Advanced Thyroid Cancer

Understanding the Anatomy

When discussing thyroid cancer, you should start by understanding the anatomy. This illustration shows different parts of the neck, where the thyroid gland is located.

The thyroid gland sits in the midline of your neck, just beneath the skin and a few layers of thin muscles. This gland secretes a hormone that is important in regulating many functions of your body. The thyroid gland has a right and left lobe, as well as an isthmus (and occasionally a prominent pyramidal lobe that goes upwards towards the hyoid bone and base of tongue). The thyroid gland is made up of follicular cells that take up iodine and produce a hormone called thyroid hormone. The thyroid hormone is stored within follicles inside the gland. Another type of cell in the thyroid gland is called parafollicular cells (or C-cells); these cells form a hormone called calcitonin, which helps with calcium regulation. Cancer of the C-cells results is medullary carcinoma.

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The blood supply to the thyroid gland is from branches of the thyrocervical trunk and the external carotid artery. Rarely, there is an artery called the ima artery, which runs from below the clavicles on the top surface of the trachea towards the thyroid gland.

Next to the thyroid gland are four parathyroid glands (two on each side). These are critical to your body to regulate levels of calcium in your blood and your bones through secretion of parathyroid hormone.

The recurrent laryngeal nerves (one on each side) run upward from the vagus nerve toward the voice box (larynx) in the groove between the trachea (windpipe) and esophagus. This nerve moves the vocal cords, and it is responsible for speaking and control of the vocal cords during breathing. In extremely rare cases, the right recurrent laryngeal nerve can come straight down from the vagus nerve. This is called a non-recurrent laryngeal nerve because it does not come from below. Surgeons need to always be careful in protecting this nerve to prevent injury.

The superior laryngeal nerves (one on each side) run downward from the vagus nerve. The external branch supplies the cricothyroid muscle and helps with changing the pitch of your voice.

The lymph nodes associated with the thyroid are mainly the central compartment lymph nodes. This includes Levels VI and VII [see illustration above]. Occasionally, thyroid cancers can spread to the lateral neck or retropharyngeal lymph nodes as well.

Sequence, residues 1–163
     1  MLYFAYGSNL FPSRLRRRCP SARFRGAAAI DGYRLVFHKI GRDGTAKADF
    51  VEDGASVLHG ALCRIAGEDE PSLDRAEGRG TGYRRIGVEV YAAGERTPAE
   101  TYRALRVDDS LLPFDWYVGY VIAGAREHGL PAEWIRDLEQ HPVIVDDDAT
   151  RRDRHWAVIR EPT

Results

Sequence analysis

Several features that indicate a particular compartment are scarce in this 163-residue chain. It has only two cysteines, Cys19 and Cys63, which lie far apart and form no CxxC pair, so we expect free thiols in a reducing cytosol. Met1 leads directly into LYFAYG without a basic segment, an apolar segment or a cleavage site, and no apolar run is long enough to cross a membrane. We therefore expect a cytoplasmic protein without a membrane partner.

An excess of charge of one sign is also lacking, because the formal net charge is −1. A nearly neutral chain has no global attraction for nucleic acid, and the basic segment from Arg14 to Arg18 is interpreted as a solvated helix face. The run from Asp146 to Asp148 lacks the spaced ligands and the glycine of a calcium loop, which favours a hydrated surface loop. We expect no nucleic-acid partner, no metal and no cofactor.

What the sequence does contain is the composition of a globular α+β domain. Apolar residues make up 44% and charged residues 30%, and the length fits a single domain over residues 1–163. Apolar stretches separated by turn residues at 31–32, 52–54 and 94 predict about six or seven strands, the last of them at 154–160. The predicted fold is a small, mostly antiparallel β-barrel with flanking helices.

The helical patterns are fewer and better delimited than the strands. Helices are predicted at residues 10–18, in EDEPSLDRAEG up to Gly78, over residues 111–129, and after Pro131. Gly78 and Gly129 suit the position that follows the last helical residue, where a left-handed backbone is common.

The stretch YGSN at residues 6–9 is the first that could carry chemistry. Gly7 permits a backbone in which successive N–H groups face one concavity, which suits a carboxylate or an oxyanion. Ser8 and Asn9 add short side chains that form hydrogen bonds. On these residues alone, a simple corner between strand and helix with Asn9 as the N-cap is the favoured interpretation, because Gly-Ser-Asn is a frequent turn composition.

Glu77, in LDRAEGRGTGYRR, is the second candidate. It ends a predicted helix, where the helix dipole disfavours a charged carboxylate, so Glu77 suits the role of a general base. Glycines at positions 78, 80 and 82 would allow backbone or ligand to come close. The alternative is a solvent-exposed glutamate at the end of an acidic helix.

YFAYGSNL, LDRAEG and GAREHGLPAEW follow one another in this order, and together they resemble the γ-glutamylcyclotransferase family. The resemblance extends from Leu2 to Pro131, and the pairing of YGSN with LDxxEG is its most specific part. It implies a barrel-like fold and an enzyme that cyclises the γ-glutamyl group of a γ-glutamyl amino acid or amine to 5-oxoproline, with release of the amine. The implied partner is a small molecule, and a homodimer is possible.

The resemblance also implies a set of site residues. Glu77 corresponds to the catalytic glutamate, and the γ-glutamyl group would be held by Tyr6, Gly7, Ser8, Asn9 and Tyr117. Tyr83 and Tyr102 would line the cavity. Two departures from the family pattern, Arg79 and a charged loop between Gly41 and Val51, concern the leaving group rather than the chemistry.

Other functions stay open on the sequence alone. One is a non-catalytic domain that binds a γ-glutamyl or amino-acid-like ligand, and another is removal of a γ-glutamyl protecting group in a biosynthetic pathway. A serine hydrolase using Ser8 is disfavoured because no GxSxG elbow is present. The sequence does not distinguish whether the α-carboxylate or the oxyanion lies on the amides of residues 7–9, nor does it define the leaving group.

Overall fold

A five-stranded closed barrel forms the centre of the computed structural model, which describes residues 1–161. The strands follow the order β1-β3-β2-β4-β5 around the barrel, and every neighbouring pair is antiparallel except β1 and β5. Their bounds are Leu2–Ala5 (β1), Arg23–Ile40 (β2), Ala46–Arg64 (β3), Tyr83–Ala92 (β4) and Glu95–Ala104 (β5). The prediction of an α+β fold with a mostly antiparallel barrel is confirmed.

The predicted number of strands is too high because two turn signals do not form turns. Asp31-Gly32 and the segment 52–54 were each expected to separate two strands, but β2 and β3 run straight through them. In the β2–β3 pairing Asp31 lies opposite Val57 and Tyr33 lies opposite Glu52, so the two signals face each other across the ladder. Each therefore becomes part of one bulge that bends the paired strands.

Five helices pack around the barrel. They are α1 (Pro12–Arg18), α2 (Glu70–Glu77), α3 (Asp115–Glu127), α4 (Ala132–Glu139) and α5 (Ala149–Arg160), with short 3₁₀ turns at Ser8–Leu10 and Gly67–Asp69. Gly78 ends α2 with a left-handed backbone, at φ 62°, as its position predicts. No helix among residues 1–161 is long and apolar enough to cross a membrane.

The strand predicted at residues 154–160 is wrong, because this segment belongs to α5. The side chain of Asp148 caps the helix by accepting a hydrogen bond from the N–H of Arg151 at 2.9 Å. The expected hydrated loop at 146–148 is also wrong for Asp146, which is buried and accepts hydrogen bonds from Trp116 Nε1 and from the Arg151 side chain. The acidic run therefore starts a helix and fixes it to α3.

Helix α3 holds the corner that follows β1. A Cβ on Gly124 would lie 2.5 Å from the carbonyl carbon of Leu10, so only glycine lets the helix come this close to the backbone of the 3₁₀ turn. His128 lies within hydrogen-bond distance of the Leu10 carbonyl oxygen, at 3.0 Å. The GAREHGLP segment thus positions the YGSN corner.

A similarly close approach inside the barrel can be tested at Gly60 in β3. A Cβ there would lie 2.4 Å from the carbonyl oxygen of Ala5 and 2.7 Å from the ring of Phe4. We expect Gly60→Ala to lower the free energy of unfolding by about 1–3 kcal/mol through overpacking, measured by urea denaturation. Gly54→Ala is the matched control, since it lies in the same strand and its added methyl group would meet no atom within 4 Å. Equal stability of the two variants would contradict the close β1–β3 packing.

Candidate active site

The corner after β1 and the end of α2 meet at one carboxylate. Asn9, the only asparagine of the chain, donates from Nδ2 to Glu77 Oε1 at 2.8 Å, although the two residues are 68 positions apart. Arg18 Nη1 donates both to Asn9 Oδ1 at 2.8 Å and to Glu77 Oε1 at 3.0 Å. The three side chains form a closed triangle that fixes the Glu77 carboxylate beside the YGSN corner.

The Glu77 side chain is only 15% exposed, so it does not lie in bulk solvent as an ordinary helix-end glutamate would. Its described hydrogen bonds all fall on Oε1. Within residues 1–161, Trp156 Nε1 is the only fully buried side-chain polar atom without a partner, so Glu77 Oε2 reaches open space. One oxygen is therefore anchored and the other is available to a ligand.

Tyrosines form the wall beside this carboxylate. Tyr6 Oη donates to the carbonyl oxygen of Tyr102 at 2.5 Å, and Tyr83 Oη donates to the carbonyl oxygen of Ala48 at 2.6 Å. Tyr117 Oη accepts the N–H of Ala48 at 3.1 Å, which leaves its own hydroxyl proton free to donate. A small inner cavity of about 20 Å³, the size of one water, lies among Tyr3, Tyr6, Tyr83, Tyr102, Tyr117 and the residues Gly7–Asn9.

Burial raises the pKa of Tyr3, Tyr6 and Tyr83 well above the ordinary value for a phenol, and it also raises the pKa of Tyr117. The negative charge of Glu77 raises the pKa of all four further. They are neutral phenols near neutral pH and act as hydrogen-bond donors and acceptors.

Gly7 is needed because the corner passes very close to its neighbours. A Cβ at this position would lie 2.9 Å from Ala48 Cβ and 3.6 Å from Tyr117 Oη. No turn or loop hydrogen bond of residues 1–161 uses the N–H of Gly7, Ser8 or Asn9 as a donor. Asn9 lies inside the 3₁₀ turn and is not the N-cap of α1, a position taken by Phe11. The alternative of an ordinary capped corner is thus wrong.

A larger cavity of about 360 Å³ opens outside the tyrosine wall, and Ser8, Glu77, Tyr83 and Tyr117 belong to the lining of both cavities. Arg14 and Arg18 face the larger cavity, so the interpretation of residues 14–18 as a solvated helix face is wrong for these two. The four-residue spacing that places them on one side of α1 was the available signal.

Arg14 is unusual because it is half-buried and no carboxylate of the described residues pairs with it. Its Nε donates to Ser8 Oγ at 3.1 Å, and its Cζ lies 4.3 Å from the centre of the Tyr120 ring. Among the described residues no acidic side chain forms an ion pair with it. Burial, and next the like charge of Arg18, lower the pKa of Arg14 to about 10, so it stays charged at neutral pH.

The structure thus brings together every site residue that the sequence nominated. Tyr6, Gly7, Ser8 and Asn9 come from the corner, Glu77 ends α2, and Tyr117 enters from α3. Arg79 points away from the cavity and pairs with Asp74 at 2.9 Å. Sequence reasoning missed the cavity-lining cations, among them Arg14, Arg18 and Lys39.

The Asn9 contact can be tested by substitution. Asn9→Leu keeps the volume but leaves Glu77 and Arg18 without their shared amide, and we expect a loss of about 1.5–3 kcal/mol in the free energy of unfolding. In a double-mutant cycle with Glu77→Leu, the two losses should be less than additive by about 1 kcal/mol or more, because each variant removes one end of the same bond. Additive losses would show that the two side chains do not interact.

1 SEER Fast Facts. Accessed February 2013.

2 Hundahl SA, Fleming ID, Fremgen AM, et al.: A National Cancer Data Base report on 53,856 cases of thyroid carcinoma treated in the U.S., 1985-1995. Cancer. 1998;83:2638-2648.

3 Salerno P, De Falco V, Tamburrino A, Nappi TC, Vecchio G, Schweppe RE, Bollag G, Santoro M, Salvatore G. Cytostatic activity of adenosine triphosphate-competitive kinase inhibitors in BRAF mutant thyroid carcinoma cells. J Clin Endocrinol Metab. 2010;95(1):450-455.

4 Referenced with permission from The NCCN Clinical Practice Guidelines in Oncology (NCCN Guidelines®) for Thyroid Carcinoma V.2.2013. © National Comprehensive Cancer Network, Inc 2013. All rights reserved. Accessed July 24, 2013. To view the most recent and complete version of the guideline, go online to NATIONAL COMPREHENSIVE CANCER NETWORK®, NCCN®, NCCN GUIDELINES®, and all other NCCN Content are trademarks owned by the National Comprehensive Cancer Network, Inc.

5 Cooper, D.S., G. M. Doherty, et al. (2009). “Revised American Thyroid Association Management Guidelines for Patients with Thyroid Nodules and Differentiated Thyroid Cancer: the American Thyroid Association (ATA) Guidelines Taskforce on Thyroid Nodules and Differentiated Thyroid Cancer.” Thyroid 19(11): 1167-1214.

6 Ries LAG, Young JL, Keel GE, Eisner MP, Lin YD, Horner M-J (editors). SEER Survival Monograph: Cancer Survival Among Adults: U.S. SEER Program, 1988-2001, Patient and Tumor Characteristics. National Cancer Institute, SEER Program, NIH Pub. No. 07-6215, Bethesda, MD, 2007.